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Cut Empty Calories To Get Your Writing Fighting Fit - By Audrey Owen

Logicians may reason about abstractions. But the great mass of men must have images.
—Thomas Babington Macaulay

Get lean and mean by getting rid of empty calories. In writing, empty calories come in the form of filler words, abstractions, redundancies, and oxymorons.

1 Eliminate meaningless phrases.

In speech, little conversational superfluities lighten the linguistic load for our listeners by filling time with material a listener can discount quickly, leaving the mind free to focus on meaty matters.

In written text, these fillers require too much attention and cost money to put on the page.

Every editor has a hit list of these useless phrases. Here is mine:

along the lines of

alongside of

as far a

as of yet

as per

at the present time

at the time that

at this point in time

by means of

by reason of

center around

close proximity

commercial business

due to the fact that

each and every

end result

eventuality

exact estimates

final conclusion

for the purpose of

for the reason that

free gift

future forecast

hushed silence

in actual fact

in order to

in terms of

in the event that

in the neighborhood of

on the basis of

past history

pursuant to the mandate of

sin accordance with

sufficient enough

the area of (except mathematical meaning

the fact is

the fact that

tin the affirmative/negative

to a large extent

unbiased opinion

unexpected surprise

with a view to

with respect to


2 Make abstractions concrete.

Concrete nouns name things we access through our senses. Cinnamon, pen, and chime are concrete nouns. Concrete nouns create a clear picture for the reader.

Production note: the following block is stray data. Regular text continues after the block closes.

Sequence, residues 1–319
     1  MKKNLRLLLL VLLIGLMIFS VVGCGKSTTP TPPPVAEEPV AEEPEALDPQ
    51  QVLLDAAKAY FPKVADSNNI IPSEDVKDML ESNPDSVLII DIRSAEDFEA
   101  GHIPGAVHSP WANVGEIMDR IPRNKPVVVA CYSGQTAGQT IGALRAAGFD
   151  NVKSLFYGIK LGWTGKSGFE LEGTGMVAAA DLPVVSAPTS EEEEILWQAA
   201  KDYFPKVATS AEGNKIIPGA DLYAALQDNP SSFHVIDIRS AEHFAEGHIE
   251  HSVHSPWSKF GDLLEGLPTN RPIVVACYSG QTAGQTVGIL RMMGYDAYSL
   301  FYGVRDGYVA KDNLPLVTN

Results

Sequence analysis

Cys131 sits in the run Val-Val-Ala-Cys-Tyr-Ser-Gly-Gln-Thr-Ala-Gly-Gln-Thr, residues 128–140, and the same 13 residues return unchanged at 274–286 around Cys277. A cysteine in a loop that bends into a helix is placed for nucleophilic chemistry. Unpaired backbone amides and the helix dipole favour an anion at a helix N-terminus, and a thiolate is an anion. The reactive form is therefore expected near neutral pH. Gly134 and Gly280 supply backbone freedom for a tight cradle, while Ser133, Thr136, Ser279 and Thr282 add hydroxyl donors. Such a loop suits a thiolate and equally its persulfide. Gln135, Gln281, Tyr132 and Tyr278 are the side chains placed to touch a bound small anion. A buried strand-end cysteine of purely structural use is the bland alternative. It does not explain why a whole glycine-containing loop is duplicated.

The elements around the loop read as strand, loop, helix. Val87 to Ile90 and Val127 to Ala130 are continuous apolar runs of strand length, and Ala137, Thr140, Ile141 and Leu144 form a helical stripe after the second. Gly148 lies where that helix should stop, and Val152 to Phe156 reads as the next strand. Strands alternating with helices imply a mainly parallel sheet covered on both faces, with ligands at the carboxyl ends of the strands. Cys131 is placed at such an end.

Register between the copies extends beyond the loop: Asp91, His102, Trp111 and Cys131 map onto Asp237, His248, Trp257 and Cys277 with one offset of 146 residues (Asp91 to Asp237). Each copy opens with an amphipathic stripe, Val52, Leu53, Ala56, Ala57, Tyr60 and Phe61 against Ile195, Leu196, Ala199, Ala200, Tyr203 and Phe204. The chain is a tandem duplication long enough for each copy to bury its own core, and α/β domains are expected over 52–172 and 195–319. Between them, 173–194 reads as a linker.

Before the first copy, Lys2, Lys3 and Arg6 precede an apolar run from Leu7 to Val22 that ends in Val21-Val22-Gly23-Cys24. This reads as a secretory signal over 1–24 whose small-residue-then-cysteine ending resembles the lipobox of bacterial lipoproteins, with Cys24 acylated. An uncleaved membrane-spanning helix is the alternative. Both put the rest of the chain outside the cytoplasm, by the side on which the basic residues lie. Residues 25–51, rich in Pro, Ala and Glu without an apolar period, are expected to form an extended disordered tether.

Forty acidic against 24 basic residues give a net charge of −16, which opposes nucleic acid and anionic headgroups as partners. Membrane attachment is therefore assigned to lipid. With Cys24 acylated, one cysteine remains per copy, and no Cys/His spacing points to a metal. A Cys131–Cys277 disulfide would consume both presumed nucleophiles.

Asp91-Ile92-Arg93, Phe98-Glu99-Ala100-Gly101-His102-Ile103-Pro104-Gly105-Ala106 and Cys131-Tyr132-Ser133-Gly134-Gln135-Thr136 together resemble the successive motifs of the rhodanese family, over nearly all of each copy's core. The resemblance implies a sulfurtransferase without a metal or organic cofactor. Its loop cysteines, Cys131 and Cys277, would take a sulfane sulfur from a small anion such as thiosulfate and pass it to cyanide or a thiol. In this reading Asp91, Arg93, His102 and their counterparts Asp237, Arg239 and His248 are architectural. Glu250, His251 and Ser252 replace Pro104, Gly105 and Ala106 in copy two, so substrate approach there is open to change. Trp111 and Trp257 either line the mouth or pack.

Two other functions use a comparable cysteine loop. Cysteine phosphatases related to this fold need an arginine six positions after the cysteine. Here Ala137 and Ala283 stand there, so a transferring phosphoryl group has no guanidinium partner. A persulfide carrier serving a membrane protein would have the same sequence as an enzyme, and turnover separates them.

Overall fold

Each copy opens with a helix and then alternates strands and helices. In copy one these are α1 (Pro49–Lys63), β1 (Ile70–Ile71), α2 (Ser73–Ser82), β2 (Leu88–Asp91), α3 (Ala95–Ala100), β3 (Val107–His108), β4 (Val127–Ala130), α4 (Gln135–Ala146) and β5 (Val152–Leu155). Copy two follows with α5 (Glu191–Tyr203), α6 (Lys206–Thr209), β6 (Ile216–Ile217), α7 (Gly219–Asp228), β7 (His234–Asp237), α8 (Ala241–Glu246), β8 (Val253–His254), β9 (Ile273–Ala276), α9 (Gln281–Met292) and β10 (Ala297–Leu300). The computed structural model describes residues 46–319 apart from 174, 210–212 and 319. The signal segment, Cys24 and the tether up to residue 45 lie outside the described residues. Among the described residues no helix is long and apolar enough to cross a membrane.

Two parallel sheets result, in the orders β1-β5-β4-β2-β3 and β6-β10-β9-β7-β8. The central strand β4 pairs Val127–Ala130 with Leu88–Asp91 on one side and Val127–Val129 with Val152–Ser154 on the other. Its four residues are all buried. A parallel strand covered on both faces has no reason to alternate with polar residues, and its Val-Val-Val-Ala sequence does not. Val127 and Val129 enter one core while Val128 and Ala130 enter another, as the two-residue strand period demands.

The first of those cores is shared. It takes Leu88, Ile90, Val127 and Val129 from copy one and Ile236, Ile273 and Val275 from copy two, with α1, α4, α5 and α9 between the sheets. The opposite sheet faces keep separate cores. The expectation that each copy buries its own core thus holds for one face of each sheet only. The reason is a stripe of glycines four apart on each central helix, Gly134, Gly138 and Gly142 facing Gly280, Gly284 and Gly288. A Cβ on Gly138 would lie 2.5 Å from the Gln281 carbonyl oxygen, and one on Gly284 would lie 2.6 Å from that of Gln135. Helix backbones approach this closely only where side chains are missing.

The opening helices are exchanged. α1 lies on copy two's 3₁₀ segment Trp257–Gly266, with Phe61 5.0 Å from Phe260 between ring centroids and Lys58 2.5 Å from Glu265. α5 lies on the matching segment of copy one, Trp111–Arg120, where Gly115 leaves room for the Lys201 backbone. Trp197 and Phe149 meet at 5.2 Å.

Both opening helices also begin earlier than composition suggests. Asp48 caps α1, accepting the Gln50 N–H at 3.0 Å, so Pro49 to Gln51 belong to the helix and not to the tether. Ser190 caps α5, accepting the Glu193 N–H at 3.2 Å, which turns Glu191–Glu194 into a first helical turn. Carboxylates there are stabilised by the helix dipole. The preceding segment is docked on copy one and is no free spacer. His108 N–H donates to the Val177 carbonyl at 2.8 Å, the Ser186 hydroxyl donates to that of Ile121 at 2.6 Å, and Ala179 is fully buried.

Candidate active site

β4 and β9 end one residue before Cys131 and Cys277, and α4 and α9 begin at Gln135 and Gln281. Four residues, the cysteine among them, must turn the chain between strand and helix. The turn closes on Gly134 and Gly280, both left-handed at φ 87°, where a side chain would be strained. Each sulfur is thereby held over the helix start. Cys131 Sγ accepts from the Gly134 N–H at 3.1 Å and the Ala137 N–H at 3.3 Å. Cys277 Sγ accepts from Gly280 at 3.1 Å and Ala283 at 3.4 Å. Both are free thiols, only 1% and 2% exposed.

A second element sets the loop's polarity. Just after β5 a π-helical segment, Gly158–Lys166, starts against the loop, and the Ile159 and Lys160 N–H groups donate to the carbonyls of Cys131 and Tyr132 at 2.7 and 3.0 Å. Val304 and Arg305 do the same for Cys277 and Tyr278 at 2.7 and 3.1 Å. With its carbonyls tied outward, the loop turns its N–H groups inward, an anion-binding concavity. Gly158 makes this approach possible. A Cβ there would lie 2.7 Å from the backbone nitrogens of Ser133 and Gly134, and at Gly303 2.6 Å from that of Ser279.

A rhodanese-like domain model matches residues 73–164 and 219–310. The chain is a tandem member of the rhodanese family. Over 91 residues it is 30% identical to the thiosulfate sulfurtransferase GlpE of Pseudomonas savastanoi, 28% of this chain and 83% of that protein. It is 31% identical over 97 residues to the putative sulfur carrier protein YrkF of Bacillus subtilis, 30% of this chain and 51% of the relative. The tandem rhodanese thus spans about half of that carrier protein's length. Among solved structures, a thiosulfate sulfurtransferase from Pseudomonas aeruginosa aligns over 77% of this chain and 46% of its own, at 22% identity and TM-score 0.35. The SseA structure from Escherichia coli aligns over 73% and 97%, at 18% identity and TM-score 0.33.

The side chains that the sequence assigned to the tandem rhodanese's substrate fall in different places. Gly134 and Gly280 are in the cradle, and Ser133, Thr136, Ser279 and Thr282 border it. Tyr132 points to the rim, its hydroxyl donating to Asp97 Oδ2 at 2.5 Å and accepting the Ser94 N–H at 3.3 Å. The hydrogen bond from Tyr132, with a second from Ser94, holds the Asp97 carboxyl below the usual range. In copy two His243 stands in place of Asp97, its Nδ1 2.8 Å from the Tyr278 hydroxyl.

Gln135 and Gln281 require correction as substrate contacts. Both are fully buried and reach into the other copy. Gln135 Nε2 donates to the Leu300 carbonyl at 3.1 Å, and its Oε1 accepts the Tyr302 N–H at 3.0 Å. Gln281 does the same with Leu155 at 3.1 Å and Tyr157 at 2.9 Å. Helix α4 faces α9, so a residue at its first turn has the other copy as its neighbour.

Abstract nouns are those that make no clear image in the mind. They are nouns that refer to qualities, states, or actions. Bravery, happiness, and punishment are abstract nouns.

The farther you move from the concrete in your writing, the more uncertain your communication.

Sometimes you must use abstract terms. The more academic your writing, the more likely you are to use abstractions. After all, sorting out meanings is the whole point of higher education. When you must use abstractions that your audience may find unfamiliar, make the terms understandable by giving concrete examples.

For example, if you must write about disability, which is an abstract term, define what you mean in concrete terms.
Original sentence: People with a disability will have access issues.

Rewritten sentence: People who use wheelchairs or walkers cannot reach the second floor.

Give more power to your writing by using concrete images and metaphors that stick in the mind.
The next time you think of physical fitness or a good diet (abstract), I’m hoping you’ll think of the text you are writing (concrete).

3 Eliminate redundancies.

Anything unnecessary could be said to be redundant. Here, I am referring to the tendency for some writers to say things more than once. Repeating yourself without giving new information rates somewhere between being mildly annoying to being infuriating. Trust your reader to hear you the first time.

I see the lack of trust more often in fiction than in nonfiction. In fiction, the amateur writer often tells and then shows.
John was sad. He hung his head and cried. He walked with a slouch.
Or the writer shows and then tells.

John hung his head and cried. He walked with a slouch. He was sad.

Can you see the sentence that adds nothing, the one that annoys the reader? Eliminate all such redundancies in your writing.

4 Eliminate oxymorons.

An oxymoron is a contradiction in terms. Used intentionally, especially in poetry, an oxymoron forces new understanding. The ones you want to eliminate are the thoughtless empty-calorie oxymorons. Cut expressions like the following.

· Pretty ugly

· Alone together

· Clearly misunderstood

· Intense apathy

· Old news

· Usually always

Train yourself to be alert to these, and you will begin to spot them easily.

Cutting the empty calories from your writing reduces the load for the reader. Your text will be fit in no time.

©2008 Audrey Owen Used by permission

The article above is Chapter 3 from Audrey Owen's book on self-editing. Get Your Writing Fighting Fit gives the writer a system for combing through a text, hunting down and fixing the most common errors.

Read more at Audrey's website, http://www.writershelper.com/gywffsales.html

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